Life in Nazi Germany 1933-39

  • Created by: Gaynor
  • Created on: 25-03-18 19:24
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  • Life in Nazi Germany 1933-39
    • Nazi Policies Towards Women
      • The Nazis believed that women should adopt a modest, traditional appearance, leave professional jobs to men and make marriage and motherhood their duty to the state
      • The Nazis used propaganda and policies to try to put their beliefs into practice
      • The Nazis had several policies to encourage marriage and childbirth. These included the law for the Encourage-ment of Marriage, changes to divorce law, the Mother's Cross and Lebensborn
      • The Nazis had several policies to reduce numbers of women in the workforce. These included banning women from some jobs and discouraging women from going to university
      • Nazi policies towards women convinced some Germans and had some impact, but were only effective to a limited or temporary degree
    • Nazi Policies Towards the Young
      • They believed that boys and girls should be brought up to be different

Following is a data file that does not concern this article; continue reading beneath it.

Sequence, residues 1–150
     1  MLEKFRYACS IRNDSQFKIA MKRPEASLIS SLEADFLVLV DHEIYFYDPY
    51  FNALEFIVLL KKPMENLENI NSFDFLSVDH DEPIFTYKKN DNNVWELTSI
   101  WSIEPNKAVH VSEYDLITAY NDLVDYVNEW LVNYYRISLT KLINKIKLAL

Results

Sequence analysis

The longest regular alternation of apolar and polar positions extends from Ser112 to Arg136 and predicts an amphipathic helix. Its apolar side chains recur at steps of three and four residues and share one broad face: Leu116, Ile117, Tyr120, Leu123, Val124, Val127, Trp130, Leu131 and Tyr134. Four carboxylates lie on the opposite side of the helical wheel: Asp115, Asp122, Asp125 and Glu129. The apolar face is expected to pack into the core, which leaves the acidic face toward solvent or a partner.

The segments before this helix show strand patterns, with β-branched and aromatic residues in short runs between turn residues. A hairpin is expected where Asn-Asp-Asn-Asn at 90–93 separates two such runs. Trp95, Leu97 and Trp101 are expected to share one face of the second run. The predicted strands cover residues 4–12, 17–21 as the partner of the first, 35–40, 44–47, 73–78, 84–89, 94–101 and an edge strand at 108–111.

• Nazi youth groups, such as the Hitler Youth and the League of German Maidens, were organised to create strong, healthy Germans and supporters of Nazi ideas
      • Schools in Nazi Germany were organised to create useful German adults and Nazi supporters
      • The Nazis shaped the development of young Germans by controlling teachers and the curriculum
    • Employment and Living Standards
      • Reducing unemploy-ment was a priority for Hitler, for political and economic reasons
      • As well as official unemploy-ment levels, Nazis also had invisible unemploy-ment
      • The Nazis used a variety of methods to reduce unemploy-ment. These included the National Labour Service, the autobahn project and rearmament
      • There were many changes to the standard of living of workers in Nazi Germany. These included changes to unemploy-ment wages, prices and consumption of luxuries
    • The Persecution of Minorities
      • Treatment of minority groups was shaped by eugenics, racial hygiene and anti-Semitism
      • The Slavs, 'gypsies', homosexuals and people with disabilities were all mistreated
      • Nazi persecution of Jews began in 1933, became worse in 1935, with the Nuremberg Laws, and then became worse still from 1938 after Kristallnacht


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